Scientists Create Self-Replicating Molecules To Explain How Life Began

Life is thought to have begun deep in the oceans, around hot vents. ohrim/Shutterstock

Josh Davis 16 May 2018, 16:00

In a bid to figure out just how life first blossomed roughly 4 billion years ago, scientists have created an entirely new type of genetic replication system, producing molecules that can, in effect, self-replicate.

One of the most convincing arguments for how life started in the oceans is based around RNA, which is effectively a single strand of DNA. Similarly to DNA, RNA is made up of individual base pairs and can contain genetic information. It is thought that these molecules may be the precursor to DNA, and formed in deep-sea vents at the bottom of the oceans.

But in order for a piece of DNA – or in this case RNA – to replicate itself, it needs the assistance of enzymes. It has been found before that some strands of RNA can fold themselves into 3D shapes and form enzyme-like structures, known as ribozymes, and that these can successfully read and duplicate other strands of RNA.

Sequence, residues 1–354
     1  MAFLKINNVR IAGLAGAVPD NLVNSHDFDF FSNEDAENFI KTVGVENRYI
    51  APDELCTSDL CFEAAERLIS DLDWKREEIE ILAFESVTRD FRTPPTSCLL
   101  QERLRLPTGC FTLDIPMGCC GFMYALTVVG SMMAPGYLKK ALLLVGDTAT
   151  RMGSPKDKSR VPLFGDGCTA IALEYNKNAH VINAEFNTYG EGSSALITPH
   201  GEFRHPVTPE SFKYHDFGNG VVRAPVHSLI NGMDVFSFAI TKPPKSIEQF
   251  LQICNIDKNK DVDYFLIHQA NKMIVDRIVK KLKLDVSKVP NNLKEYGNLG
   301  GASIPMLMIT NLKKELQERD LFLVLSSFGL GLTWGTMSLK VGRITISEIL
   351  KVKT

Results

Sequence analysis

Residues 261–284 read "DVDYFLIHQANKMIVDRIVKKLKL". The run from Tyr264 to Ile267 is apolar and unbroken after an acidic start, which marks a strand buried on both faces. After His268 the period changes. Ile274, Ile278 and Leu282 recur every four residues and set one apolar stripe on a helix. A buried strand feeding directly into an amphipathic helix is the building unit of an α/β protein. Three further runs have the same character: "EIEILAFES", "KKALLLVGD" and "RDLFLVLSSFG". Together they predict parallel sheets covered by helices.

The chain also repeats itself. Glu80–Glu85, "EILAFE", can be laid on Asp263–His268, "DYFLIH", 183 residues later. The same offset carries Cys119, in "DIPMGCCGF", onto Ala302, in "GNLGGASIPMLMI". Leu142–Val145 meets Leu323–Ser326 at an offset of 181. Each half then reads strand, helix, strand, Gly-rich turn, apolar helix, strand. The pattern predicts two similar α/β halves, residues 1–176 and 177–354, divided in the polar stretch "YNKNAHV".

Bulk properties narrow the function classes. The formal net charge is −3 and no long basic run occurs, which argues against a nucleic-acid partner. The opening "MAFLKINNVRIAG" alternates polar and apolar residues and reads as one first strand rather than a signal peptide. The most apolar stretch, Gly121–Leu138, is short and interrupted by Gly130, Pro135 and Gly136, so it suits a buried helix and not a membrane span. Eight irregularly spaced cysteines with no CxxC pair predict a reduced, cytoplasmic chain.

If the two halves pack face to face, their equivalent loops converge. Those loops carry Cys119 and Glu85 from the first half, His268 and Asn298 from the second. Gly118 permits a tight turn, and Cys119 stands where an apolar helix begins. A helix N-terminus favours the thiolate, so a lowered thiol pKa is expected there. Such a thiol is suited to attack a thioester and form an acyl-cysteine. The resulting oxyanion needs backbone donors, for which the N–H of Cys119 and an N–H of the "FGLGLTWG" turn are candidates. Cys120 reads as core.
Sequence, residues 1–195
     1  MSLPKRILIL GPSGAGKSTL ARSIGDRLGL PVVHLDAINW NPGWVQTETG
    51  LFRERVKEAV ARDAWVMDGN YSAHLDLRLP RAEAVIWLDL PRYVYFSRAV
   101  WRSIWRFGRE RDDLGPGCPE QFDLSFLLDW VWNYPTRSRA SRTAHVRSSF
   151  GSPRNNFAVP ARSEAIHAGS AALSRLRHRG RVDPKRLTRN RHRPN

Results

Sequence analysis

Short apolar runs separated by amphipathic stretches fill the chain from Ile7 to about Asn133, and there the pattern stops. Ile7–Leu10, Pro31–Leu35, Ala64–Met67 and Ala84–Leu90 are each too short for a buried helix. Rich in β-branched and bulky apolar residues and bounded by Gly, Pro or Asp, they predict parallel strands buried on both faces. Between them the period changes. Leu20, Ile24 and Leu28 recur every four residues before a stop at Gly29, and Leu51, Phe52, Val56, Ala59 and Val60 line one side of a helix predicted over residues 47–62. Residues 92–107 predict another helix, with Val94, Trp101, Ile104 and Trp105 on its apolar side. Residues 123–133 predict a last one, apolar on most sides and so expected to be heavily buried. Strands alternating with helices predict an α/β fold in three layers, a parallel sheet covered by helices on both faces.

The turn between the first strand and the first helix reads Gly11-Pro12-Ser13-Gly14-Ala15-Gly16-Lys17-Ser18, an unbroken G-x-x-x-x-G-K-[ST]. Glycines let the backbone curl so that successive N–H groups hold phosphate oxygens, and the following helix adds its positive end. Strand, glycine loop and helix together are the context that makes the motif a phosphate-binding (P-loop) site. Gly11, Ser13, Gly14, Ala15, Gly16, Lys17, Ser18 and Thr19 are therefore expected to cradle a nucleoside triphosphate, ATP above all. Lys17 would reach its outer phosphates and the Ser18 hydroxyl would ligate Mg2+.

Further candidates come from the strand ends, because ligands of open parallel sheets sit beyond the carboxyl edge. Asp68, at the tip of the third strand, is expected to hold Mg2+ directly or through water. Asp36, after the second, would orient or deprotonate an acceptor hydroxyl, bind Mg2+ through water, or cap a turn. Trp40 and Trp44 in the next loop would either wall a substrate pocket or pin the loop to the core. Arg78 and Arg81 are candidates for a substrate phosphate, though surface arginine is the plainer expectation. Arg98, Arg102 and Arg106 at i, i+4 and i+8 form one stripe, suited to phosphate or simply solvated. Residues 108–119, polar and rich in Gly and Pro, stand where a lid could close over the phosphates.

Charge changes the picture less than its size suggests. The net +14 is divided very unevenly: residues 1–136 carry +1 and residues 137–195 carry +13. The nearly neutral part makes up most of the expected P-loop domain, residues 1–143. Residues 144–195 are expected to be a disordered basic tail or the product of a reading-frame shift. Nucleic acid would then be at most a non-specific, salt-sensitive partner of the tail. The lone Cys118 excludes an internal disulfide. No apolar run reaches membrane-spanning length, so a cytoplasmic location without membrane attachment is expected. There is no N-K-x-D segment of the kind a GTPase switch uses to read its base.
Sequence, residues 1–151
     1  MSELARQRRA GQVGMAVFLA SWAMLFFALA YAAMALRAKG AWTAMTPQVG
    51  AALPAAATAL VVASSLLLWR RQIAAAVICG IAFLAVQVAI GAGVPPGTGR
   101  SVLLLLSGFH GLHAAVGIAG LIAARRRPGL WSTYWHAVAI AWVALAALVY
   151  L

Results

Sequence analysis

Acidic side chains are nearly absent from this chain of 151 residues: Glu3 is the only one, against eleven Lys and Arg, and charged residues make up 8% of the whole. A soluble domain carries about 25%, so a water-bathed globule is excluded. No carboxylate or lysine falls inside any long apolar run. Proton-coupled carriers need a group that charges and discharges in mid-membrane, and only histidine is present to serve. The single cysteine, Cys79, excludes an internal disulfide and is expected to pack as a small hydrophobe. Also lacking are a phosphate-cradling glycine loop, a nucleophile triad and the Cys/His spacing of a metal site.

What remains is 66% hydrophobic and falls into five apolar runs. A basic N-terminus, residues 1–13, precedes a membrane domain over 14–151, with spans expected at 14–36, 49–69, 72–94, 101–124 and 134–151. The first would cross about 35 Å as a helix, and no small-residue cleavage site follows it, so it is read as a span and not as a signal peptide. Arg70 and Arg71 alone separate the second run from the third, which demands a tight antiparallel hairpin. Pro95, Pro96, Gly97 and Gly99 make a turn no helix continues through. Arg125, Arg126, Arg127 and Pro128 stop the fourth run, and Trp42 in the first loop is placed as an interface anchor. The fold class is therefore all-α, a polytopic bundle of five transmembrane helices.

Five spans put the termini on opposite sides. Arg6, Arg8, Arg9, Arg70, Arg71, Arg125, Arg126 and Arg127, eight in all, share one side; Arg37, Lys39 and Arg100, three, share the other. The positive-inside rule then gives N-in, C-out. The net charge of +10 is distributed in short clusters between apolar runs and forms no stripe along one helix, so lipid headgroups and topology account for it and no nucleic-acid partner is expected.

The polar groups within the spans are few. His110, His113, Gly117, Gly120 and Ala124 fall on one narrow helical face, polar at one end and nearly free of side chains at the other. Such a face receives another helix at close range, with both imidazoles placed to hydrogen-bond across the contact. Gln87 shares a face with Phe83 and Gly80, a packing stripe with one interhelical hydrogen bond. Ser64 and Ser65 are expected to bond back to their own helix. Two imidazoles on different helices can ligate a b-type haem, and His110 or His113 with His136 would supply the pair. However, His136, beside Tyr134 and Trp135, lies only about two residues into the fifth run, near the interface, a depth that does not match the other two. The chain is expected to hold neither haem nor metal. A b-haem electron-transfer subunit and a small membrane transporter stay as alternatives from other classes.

The paradox, however, is that these ribozymes cannot read and duplicate themselves due to their folded structure, leading to something of a chicken and the egg scenario.

Now, for the first time, researchers say they have been able to develop a ribozyme that can replicate folded strands, including itself. This is a significant step towards understanding how the first life emerged in the oceans all those billions of years ago from just a blend of different molecules.

“We found a solution to the RNA replication paradox by re-thinking how to approach the problem – we stopped trying to mimic existing biology and designed a completely new synthetic strategy,” said Dr Philipp Holliger, co-author of the paper published in eLife. “It is exciting that our RNA can now synthesise itself.”

Strands of RNA are usually replicated by adding single base pairs one at a time. But the researchers tweaked this, to see what would happen if the ribozymes added three base pairs at a time instead. And what they found was pretty impressive.

While adding a single base pair made it impossible for the ribozyme to duplicate a folded piece of RNA, if the ribozyme was adding base pairs three at a time, the triplet would bond so tightly to the RNA it would begin to force it to unfurl, allowing it to be copied. This means that the ribozyme can replicate itself, thus solving the paradox.

The researchers suggest that if the “primordial soup” contained a muddle of base pairs of different lengths, then this could feasibly have helped kick-start life in the early oceans. While the researchers conducted this experiment at -7°C (19°F) to concentrate the RNA, they now want to explore whether they can achieve the same effect in a more chemically diverse mix, more similar to what the oceans would have been like when life began.

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